Miguel: Yeah, I can see that.

Christina: Yeah. So a lot of the songs, I was like, hey, wait a minute, this sounds like somebody else.

Miguel: Yeah, I didn't listen to this one yesterday. This is the only one that I didn't listen to because I had listened to it recently. So I figured I wasn't going to go back to it yesterday.

Christina: Well, I might pull up some of my reference tracks for you so you can see what I'm saying in terms of like, just like the cadence and the flow of some of the songs just made me think of other people. And I don't know if that was intentional or if he was just trying to hit different targets.

Miguel: All right, so there was a big gap between that album and his next album, which was called Vibes. It was almost 10 years later. It came out in 2008 and there's no rapping on it.

Christina: Nope, it's a reggae album.

Miguel: It's a straight up reggae album.

Christina: It threw me off. I was not expecting it. Because I mean, he's always done like, a reggae song or a reggae style song, but I was like, oh, next song. So I was like, oh, okay, so we're doing a reggae album.

Miguel: Yeah, it's all reggae.

Christina: Well, it's aptly named Vibes.

Miguel: Yes.

Christina: This feels very tropical vacation, pool party, summertime.

Miguel: Exactly. I remember when it first came out, I saw on a couple websites that he was doing a reggae album. So I'm like, you know what, this might be up my alley. Let me go ahead and check this out. And it wasn't great, but it wasn't bad either. Like, for somebody who's not a reggae artist, it was cool. It wasn't like, Snoop Lion. It wasn't that.

Christina: I think for me it was like, as I was saying, he had always done like a couple songs here and there on all the other albums, but I think I just didn't want a whole album. If that makes any sense. But like you were saying, it wasn't bad. It wasn't like, I'll never listen to this again. But it's also, I'm not really rushing to put it on either, but like I said, hey, next time we take a tropical vacation or something, maybe I'll put it on in the background.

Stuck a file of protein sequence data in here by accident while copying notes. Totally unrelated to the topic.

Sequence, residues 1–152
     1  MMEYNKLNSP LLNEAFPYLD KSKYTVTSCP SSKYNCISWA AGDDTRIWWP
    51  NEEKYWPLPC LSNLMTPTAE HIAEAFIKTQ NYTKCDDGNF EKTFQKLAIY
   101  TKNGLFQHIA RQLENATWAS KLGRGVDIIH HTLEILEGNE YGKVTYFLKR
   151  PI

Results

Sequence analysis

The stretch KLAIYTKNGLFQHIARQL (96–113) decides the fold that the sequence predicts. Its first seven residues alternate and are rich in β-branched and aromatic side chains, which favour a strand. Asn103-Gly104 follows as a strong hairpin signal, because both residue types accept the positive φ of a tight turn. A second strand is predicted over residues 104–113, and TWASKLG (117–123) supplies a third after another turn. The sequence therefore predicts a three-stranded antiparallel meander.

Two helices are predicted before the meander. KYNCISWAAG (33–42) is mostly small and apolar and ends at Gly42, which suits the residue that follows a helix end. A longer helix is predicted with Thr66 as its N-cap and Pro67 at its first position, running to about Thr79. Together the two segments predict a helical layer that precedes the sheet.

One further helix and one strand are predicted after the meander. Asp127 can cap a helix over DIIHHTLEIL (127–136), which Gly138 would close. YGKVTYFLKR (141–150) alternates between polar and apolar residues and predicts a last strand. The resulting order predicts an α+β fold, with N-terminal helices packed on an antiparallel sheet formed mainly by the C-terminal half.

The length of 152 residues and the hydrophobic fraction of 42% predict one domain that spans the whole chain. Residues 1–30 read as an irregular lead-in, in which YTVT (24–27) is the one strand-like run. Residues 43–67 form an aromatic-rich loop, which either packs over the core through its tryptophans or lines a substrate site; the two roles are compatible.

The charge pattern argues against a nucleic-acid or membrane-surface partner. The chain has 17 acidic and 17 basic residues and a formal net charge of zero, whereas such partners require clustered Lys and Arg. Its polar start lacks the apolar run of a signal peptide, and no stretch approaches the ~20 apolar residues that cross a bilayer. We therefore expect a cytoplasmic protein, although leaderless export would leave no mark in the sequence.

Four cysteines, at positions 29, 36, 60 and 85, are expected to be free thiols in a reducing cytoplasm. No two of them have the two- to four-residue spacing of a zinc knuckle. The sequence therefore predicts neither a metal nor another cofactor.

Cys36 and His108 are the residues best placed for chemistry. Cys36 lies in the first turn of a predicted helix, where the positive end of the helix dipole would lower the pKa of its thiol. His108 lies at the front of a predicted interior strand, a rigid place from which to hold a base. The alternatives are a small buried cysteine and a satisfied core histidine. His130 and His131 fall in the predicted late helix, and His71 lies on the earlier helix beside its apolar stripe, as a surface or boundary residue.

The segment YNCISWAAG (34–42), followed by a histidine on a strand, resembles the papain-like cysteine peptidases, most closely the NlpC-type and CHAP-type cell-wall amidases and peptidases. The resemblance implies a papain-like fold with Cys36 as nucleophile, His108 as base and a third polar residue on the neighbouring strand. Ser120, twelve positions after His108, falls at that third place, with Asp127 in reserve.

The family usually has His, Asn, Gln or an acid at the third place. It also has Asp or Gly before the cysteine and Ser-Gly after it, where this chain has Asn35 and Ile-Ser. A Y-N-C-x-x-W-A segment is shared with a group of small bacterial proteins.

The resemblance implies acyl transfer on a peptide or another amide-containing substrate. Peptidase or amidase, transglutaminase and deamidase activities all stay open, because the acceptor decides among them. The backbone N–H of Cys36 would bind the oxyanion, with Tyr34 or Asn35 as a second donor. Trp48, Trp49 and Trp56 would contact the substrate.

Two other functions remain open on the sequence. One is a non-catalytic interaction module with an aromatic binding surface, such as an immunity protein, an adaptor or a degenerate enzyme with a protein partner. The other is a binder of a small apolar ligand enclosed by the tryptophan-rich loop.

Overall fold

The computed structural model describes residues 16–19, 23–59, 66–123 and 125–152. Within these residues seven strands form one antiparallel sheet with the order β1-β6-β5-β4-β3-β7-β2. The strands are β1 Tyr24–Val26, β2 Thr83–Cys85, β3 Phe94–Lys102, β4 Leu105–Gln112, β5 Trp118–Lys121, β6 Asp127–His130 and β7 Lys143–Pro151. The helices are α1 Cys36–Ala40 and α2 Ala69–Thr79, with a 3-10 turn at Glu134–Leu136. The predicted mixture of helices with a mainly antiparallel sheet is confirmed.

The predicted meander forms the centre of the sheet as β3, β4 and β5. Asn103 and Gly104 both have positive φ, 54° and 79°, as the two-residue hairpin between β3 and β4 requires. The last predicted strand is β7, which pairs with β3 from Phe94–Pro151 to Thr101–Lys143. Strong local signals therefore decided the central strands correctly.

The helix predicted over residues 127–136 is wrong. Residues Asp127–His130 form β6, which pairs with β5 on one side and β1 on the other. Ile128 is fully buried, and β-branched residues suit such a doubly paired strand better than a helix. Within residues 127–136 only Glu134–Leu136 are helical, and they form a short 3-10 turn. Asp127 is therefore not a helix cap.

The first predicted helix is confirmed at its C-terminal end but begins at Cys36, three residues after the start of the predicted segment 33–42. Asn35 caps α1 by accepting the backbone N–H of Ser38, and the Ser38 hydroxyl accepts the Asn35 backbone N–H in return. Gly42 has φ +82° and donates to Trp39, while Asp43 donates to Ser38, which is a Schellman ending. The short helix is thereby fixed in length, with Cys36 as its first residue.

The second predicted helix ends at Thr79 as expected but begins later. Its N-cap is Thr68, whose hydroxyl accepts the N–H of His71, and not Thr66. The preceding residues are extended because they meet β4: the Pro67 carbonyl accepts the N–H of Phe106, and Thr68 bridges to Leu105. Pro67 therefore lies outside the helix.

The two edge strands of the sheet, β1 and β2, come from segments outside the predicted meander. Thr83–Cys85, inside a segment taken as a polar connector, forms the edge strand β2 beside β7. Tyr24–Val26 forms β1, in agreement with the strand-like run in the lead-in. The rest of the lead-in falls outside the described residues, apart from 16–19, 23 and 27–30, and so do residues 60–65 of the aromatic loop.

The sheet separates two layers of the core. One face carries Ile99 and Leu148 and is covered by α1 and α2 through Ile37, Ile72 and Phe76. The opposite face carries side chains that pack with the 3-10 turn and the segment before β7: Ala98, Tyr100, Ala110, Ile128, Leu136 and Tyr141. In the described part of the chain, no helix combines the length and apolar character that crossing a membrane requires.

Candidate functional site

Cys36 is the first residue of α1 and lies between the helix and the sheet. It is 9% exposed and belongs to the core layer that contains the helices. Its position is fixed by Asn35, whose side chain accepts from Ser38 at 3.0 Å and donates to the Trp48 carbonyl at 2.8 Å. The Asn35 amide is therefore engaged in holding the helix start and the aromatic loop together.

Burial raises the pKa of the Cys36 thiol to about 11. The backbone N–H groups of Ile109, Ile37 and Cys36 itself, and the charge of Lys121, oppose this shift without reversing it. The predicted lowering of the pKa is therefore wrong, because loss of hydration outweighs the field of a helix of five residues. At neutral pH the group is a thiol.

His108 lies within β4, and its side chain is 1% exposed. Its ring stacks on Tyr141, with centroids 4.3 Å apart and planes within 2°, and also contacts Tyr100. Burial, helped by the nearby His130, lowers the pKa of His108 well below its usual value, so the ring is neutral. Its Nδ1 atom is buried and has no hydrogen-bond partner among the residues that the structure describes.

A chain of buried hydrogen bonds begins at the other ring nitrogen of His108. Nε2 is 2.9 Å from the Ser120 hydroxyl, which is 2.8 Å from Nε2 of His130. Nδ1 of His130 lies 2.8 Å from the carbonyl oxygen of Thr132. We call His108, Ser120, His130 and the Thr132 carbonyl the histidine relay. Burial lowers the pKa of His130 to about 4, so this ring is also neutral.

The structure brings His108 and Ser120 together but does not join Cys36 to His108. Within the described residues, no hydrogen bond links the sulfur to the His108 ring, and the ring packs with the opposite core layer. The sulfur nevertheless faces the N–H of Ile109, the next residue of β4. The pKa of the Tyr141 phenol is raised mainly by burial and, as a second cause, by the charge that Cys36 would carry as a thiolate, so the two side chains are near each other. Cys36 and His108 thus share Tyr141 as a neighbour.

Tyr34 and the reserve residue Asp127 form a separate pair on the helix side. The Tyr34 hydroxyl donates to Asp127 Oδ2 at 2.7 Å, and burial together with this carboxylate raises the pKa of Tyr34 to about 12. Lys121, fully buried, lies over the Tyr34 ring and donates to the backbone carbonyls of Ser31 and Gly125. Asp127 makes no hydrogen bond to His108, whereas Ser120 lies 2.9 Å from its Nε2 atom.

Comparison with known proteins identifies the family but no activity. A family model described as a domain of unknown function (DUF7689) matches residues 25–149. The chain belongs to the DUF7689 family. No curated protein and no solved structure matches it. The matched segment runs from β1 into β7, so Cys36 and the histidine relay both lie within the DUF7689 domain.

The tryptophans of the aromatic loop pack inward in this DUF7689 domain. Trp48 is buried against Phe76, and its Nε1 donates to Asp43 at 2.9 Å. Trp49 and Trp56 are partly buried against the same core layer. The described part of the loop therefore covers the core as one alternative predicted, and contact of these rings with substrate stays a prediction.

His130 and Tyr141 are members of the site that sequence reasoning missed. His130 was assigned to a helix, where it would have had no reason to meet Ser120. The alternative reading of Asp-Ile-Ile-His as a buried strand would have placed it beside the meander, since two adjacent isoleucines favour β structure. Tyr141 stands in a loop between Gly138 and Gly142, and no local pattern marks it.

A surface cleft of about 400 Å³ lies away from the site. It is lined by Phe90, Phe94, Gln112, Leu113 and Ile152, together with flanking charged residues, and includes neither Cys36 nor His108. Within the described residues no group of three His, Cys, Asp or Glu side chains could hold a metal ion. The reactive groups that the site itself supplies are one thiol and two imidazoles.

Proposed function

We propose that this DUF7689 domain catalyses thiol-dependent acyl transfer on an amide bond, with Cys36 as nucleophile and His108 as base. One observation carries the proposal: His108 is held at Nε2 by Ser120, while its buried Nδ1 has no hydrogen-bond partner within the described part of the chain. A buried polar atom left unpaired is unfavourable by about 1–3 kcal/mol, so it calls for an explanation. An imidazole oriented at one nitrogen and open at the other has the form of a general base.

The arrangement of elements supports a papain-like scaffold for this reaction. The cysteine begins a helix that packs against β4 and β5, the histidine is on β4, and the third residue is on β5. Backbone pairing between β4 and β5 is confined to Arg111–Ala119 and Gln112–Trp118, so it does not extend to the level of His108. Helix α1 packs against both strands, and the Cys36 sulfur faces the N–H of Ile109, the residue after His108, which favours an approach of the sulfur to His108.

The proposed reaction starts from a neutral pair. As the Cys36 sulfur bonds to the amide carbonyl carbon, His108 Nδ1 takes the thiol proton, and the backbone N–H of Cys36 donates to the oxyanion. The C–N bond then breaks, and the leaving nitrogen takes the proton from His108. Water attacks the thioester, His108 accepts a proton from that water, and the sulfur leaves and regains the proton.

Miguel: Yeah, that Snoop Lion album, I never want to hear that again.

Christina: I don't even remember if I tried to listen to it. I probably did, but I put it out of my brain again.

Miguel: Oh, it's terrible. And I love Snoop.

Christina: Well, at least he's like, his parents are Jamaican, so he has a reference point.

Miguel: Yeah, like, I'm cool with Heavy D doing this, and like I said, it was done much better. It's just not something that I would listen to over and over again because I don't listen to much reggae anyway.

Christina: And I think I kept just hearing inflections of the non reggae Heavy D, so I kept waiting for him to come out of his accent. So not a bad stab at doing a reggae album, but it's not what I come to Heavy for.

Miguel: Right. And his final album before he passed was three years after this called Love Opus. And I have never heard this album.

Christina: Me either. And even just like, the cover, I was like, are we sure? Like, is this really Heavy D? Like, it was just there was something that just felt like, I don't know, not him. It's him. It's his voice. And we know it's his album, but it was so different from everything.